Director Lal Jose and composer Vidyasagar better have had a good enough reason for disfiguring Omana Thinkal Kidavo the way they did in Spanish Masala. Nikitha’s attempted foreign accent in rendition comes off as totally fake. And annoying. The composer goes Latino for the rest of the soundtrack, staying true to the title of the movie. Aarezhuthi Aavo starts off spectacularly, lovely guitar phrases, beautiful singing by Karthik and Shreya Ghoshal. And then Vidyasagar spoils it with a starkly obvious borrowing of the lead hook of Enrique Iglesias’ Bailamos. The rest of the song sounds quite nice, especially the second interlude, wonder why the composer had to do this pointless lift. If you ignore the lyrics and the vocoding, Hayyo is a good listen, especially due to the fusion elements in the orchestration. Yazin Nazir and Franco do the honors behind the mic.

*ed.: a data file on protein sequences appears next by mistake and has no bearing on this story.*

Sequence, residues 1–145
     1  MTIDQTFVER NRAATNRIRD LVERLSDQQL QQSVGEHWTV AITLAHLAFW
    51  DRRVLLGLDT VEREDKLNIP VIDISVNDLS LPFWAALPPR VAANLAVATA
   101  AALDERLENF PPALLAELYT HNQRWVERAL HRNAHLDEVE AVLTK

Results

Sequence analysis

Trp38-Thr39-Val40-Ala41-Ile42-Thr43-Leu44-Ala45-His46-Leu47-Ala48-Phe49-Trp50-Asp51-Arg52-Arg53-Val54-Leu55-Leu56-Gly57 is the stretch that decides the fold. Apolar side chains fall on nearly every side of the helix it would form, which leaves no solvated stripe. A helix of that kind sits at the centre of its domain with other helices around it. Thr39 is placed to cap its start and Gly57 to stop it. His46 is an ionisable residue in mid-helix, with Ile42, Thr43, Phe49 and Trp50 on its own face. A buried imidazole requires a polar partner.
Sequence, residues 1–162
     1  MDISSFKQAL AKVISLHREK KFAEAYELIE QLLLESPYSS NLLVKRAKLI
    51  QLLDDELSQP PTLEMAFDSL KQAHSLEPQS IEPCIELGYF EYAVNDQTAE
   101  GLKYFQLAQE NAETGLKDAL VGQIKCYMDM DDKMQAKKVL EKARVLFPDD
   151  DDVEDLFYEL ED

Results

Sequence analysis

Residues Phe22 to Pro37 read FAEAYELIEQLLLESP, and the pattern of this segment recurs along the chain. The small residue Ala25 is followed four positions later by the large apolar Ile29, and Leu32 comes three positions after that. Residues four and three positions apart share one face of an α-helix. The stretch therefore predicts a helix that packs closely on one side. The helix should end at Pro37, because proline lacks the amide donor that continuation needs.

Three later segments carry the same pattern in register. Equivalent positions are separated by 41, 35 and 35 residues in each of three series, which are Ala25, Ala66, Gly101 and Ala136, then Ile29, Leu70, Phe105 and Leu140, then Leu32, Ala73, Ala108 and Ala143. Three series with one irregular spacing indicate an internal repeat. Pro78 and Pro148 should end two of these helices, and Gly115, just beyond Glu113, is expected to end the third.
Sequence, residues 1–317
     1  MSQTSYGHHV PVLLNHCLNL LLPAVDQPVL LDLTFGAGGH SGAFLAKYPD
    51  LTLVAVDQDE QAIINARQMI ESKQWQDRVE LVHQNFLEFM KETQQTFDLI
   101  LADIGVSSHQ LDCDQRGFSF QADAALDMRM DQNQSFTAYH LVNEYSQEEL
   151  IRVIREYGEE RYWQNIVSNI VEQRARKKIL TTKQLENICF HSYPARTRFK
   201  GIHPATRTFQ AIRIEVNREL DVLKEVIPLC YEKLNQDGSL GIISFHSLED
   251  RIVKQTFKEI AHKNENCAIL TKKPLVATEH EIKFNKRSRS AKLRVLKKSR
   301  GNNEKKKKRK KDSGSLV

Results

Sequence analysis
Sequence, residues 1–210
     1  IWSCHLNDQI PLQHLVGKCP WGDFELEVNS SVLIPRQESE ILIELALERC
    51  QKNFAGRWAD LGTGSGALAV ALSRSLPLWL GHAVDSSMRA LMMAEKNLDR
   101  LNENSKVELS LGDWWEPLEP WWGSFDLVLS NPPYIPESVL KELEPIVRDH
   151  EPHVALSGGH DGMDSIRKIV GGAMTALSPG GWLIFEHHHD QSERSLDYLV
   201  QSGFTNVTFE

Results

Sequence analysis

The allure of Spanish orchestration combined with Karthik’s vocal talents work in favour of Irulil Oru Kaithiri, though not as much as the previous two. Udit Narayan’s alternate version only serves to make Karthik’s Malayalam seem more perfect than it actually is, in comparison (Such a contrast with how Shreya handles Malayalam!). The fusion factor works for Akkarey as well, more so in this case due to the exotic choice of instruments. The combination of Vineeth Srinivasan and Sujatha has worked for me in the past too, ditto here.
A soundtrack works more due to the Spanish factor than the Vidyasagar factor. Even so it is not among Lal Jose-Vidyasagar’s best.